It should be noted that the Ukrainian side also bears some responsibility for the situation at the Medyka-Shehyni border crossing. While plans for expanding the crossing were made and funding secured, the construction has yet to begin. The Polish company UNIBEP SA, which won the bid for the project, has been unable to start work due to the Ukrainian authorities blocking the bidding in a way that lacks transparency. This absence of progress has only worsened the border authorities’ ongoing issues and challenges. The situation has been made even more complicated by the significant increase in passenger and goods traffic caused by the Russian war against Ukraine. Border crossings with Poland, Slovakia, Hungary, and Romania are Ukraine’s only gateways to Europe. Among these, the border crossings in Korczowka, Zosin, Dorohusk, Medyka, and others are the most important due to their logistics capabilities and the significant number of the Ukrainians living in Poland. These crossings are also crucial because of the military and other aid that comes through Poland, especially during times of war. Maintaining the capacity of the borders is vital for Ukraine as it helps transport Western mini-lend-lease supplies, including arms, and supports the Ukrainian economy.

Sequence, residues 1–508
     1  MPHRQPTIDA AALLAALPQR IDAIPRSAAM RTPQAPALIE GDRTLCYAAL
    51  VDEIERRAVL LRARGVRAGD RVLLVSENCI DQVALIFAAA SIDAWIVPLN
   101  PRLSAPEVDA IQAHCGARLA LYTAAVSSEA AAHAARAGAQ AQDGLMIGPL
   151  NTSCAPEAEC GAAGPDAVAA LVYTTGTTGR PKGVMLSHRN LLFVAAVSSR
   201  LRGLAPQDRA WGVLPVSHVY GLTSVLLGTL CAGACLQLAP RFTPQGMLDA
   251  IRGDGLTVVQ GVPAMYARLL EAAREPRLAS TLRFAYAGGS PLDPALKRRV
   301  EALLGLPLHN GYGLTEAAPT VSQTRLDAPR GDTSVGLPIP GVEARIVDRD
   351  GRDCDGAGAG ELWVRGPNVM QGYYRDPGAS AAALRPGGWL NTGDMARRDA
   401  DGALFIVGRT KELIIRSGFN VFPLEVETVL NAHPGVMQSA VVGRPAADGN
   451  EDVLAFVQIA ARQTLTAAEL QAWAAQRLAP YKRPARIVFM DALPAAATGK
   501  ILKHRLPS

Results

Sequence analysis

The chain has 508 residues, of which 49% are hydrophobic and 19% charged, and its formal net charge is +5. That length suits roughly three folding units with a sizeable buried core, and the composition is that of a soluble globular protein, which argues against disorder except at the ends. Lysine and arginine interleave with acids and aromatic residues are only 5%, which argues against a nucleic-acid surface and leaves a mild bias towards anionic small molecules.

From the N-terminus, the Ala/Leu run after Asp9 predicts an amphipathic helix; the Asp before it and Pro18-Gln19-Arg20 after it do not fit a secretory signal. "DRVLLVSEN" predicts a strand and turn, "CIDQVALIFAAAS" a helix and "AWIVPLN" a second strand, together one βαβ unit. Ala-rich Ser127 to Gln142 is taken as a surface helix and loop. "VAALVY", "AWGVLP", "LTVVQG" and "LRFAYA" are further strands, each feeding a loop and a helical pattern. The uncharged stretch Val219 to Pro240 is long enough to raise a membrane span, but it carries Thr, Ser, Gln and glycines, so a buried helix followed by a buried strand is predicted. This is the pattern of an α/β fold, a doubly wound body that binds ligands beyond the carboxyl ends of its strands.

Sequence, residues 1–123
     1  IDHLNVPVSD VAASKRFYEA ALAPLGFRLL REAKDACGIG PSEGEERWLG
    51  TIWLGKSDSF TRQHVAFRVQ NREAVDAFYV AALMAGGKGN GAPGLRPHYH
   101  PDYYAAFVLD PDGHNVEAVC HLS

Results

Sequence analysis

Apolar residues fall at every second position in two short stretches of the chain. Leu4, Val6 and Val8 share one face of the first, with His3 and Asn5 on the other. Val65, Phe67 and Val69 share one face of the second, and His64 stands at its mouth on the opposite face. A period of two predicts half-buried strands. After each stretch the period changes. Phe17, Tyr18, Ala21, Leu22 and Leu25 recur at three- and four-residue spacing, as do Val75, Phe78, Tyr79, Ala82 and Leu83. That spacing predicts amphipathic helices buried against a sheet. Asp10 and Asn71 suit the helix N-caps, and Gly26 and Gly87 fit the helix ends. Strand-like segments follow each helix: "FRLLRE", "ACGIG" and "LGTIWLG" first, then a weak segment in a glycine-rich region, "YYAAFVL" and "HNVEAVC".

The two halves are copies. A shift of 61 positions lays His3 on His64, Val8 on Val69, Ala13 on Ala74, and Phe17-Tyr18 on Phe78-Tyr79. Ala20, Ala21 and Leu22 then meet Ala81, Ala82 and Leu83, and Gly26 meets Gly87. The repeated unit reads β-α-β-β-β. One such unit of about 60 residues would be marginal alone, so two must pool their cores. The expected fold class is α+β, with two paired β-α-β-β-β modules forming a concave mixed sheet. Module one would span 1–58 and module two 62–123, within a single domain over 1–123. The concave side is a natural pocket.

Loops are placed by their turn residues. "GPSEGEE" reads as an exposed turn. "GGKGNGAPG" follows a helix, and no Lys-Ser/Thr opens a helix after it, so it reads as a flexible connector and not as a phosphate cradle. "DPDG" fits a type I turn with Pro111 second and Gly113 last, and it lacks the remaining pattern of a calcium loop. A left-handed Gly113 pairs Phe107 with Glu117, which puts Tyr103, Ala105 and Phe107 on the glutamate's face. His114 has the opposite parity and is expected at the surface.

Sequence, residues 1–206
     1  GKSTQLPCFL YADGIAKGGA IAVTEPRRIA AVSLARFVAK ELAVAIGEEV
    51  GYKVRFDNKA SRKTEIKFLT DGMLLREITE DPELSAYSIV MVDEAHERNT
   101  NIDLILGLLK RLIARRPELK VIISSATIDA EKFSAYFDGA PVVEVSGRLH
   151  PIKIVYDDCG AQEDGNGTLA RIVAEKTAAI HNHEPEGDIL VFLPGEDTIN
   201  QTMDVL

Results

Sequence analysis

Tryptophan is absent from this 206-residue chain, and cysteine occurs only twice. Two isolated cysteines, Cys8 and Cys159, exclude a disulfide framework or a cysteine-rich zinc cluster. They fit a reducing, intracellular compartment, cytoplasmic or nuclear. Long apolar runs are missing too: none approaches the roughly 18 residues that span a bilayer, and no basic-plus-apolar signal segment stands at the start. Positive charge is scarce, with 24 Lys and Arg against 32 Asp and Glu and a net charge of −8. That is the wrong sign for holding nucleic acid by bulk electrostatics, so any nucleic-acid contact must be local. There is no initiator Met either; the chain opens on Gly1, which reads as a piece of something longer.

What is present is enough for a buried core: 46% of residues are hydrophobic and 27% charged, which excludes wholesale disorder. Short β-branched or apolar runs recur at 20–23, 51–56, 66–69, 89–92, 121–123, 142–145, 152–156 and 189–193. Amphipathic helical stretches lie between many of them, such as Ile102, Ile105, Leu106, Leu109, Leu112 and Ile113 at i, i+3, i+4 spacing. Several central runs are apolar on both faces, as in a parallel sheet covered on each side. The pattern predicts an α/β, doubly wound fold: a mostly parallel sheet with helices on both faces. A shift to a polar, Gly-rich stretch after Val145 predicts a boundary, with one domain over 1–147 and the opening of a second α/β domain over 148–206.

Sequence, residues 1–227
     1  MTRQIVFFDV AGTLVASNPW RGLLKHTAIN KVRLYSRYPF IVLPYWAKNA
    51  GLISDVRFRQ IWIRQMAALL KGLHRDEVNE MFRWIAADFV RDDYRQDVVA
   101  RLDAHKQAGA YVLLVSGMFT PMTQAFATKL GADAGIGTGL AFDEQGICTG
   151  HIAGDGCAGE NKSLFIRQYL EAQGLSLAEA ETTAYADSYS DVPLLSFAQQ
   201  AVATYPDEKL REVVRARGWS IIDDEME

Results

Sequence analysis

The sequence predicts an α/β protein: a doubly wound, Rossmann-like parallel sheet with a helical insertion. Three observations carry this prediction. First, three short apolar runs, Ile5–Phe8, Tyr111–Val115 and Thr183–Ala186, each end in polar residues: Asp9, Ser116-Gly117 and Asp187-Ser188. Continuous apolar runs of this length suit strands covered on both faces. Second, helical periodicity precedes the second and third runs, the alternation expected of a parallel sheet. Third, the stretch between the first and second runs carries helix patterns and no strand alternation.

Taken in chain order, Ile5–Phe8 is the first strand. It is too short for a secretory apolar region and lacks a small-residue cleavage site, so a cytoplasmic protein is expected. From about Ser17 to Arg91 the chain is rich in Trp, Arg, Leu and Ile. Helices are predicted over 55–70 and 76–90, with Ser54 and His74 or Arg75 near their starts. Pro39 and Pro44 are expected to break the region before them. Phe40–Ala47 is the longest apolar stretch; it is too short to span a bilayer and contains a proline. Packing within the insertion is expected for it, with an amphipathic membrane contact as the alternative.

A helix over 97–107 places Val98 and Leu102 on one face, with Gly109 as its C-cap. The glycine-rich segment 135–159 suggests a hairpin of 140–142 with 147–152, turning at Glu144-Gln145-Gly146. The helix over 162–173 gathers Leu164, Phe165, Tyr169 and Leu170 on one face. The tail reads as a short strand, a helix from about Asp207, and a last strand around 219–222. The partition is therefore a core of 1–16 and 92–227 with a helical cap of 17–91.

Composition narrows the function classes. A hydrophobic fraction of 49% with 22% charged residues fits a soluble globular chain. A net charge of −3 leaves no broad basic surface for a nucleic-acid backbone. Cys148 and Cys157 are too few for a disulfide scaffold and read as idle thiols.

The clash of Ukrainian and Polish economic interests was evident in these circumstances. It highlighted the fragility of the emotions that emerged in the early stages of Russian aggression last year and how easily the complexities of business can compromise them. Various groups with conflicting interests, such as Polish farmers versus Ukrainian agricultural oligarchs or Polish shipping companies versus their Ukrainian counterparts, can quickly torpedo these emotions. A new model of Polish-Ukrainian relations is arising. It is not based on excessive emotions, whether positive or negative. It is not established on formal agreements by diplomats or politicians. Instead, it is shaped by competing interests. If this model persists, the relationship between Poland and Ukraine will likely be marked by ongoing crises. It will ultimately deplete the goodwill between the two countries, deteriorate public support, and affect political decision-making.